A ‘subject’ is more likely to be treated as a precondition when it involves the exercise of personal or commercial judgment by one of the parties. For instance, if the ‘subject’ depends on one party’s conclusion of a contract with a third party, it is likely to be considered a precondition. As a result, a ‘Suppliers’ Approval’ subject was recognized as a precondition because it entailed a commercial judgment, specifically the selection of third-party suppliers for the terminal and cargo. Consequently, it was determined that no binding contract existed until such a ‘subject’ had been lifted (refer to Nautica Marine Ltd v Trafigura Trading LLC (The Leonidas) [2020] EWHC 1986).

Under specific circumstances, notwithstanding the fulfillment of the condition, an additional accord must be forged amongst the involved parties prior to the contract being deemed as binding. For instance, in The John S Darbyshire [1977] 2 Lloyd’s Rep 457, the expression “subject to satisfactory completion of two trial voyages” signified that a binding contract would only come into effect once the trial voyages were successfully undertaken and the parties had mutually agreed to engage in a contractual relationship. The inclusion of trial voyages implies that the charterer would be afforded an opportunity to assess the ship, thereby precluding an automatic conclusion of the contract upon the completion of said voyages.

Do both Shipowners and Charterers have to sign a Charterparty?

A charter does not require a signature for its enforceability. According to common law, three essential elements must be present to establish a binding contract. These elements are: (i) the offer and acceptance of terms by the parties, (ii) an intention to create legal obligations, and (iii) consideration. The existence of these elements creates a binding contract, even in the absence of a signature.

What if conflicting terms are found in the summary, primary terms, and additional clauses? Some standard form charters include a provision that specifies the precedence of a particular section over others. For instance, the GENCON 1994 stipulates that the provisions in Part I shall prevail over those in Part II. In another example, the NYPE 2015 states that the provisions of the additional clauses and riders shall take precedence over those of the primary terms.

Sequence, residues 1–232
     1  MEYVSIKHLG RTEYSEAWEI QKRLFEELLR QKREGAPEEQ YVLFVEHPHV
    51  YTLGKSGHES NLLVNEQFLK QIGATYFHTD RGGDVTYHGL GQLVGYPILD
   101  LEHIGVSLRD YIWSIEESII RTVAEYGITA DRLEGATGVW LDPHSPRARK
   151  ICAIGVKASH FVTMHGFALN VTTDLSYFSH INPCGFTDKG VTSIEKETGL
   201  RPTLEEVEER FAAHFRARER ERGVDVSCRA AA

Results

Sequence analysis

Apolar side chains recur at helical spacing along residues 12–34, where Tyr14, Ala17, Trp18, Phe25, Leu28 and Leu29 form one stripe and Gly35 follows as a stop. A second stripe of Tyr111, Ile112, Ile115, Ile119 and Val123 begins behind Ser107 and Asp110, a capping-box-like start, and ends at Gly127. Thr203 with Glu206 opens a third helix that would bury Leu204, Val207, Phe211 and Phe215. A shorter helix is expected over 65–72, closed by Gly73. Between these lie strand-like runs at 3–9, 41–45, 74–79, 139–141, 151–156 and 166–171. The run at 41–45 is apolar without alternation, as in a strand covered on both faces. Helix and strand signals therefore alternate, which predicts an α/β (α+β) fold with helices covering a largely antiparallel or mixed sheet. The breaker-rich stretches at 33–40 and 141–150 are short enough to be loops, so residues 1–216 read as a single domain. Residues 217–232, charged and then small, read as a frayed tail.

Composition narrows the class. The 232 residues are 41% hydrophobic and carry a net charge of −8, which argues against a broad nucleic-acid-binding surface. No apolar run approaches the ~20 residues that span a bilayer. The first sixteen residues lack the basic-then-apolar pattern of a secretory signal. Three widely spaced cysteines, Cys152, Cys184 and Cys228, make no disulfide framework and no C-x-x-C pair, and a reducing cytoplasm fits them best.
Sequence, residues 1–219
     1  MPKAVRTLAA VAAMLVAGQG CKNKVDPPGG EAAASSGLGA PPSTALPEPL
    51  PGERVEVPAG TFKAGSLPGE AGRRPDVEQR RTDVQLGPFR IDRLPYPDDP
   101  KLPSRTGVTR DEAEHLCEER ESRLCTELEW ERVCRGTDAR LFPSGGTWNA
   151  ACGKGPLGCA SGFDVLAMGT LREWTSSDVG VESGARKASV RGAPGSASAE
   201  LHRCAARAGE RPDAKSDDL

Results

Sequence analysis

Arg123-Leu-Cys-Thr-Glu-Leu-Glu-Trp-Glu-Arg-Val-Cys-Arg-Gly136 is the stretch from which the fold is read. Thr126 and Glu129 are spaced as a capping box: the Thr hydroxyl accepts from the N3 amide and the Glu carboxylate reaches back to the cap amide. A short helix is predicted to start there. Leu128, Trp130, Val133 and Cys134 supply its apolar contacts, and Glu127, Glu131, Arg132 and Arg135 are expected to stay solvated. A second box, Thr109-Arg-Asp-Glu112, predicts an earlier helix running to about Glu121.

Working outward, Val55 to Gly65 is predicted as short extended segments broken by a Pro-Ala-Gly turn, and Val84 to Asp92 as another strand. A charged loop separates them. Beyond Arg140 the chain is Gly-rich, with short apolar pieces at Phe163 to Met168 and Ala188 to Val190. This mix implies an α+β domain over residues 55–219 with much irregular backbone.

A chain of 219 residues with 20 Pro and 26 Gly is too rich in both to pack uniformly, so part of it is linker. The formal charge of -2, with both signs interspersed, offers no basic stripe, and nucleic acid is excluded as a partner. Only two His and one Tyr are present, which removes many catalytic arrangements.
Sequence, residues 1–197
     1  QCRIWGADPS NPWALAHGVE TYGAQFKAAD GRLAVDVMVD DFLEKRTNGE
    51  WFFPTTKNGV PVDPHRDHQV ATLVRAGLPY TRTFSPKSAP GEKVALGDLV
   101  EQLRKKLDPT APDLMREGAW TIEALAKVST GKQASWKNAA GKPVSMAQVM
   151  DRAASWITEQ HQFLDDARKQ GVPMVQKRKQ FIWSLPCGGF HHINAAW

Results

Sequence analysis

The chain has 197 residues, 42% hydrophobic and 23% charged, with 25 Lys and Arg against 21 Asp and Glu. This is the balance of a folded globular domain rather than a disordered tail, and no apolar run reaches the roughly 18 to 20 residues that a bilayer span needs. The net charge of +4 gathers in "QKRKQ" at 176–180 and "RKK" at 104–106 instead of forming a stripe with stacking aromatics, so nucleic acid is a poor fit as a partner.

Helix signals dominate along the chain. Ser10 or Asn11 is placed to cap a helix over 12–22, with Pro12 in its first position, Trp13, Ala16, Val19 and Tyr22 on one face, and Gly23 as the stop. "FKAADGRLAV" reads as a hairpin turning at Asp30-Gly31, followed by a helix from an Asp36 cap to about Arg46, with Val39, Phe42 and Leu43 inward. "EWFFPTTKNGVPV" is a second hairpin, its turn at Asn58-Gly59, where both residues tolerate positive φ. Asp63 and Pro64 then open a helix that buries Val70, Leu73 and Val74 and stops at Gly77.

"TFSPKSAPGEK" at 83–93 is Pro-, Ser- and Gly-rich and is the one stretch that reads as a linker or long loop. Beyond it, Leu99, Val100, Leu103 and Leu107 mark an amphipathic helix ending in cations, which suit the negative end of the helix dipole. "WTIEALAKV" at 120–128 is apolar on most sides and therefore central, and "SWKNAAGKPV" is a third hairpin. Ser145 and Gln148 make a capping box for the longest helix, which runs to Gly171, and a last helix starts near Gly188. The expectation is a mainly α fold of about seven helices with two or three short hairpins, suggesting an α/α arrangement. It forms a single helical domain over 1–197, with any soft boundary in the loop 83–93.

Unless explicitly stated otherwise, the terms and amendments in the riders will override the primary terms, and the summary will supersede the riders. This is because the summary is considered the most recent version of the agreement between the parties. However, the courts will endeavor to reconcile conflicting terms to the extent possible.

However, if a formal charter is eventually drafted and signed by the parties, the terms of the signed charter will take precedence. The summary will still be relevant in interpreting the final terms of the signed agreement.

The negotiations conducted before the contract is formed can also provide insight into the parties’ intentions regarding the superiority of certain sections of the charter. However, these negotiations cannot override the terms of the charter itself.

Do Charterparty Guarantees need to be incorporated into the Charterparty?

Generally, assurances must be rendered in writing and duly signed. However, a guarantee remains legally binding even when electronically signed by a broker, provided that the broker possesses the necessary authority from their principal.

Moreover, a guarantee retains its enforceability even in the absence of a singular document containing the entire contractual agreement. A notable case illustrating this point is Golden Ocean Group Ltd v Salgaocar Mining Industries Pvt Ltd and Another [2012] 1 Lloyd’s Rep, where the guarantee and the terms of the charterparty were encompassed within two separate emails dispatched by the broker to the owners.

When establishing a charter guarantee, owners must ensure that the guarantee is properly issued, avoiding a mere assurance from the charterers to secure a guarantee. In The Anangel Express [1996] 2 Lloyd’s Rep 299, the charter agreement included the following language: “Charterers agree to provide a performance guarantee as per Owners’ specifications on… official letterhead and signed by…”. This was regarded as a mere commitment by the charterers to procure a guarantee, lacking the status of an enforceable guarantee.

While English law exhibits some flexibility, parties intending to invoke the guarantee should always verify the specific requirements applicable in the guarantor’s country of residence/registration to ensure enforceability. Certain jurisdictions may mandate the registration of guarantees.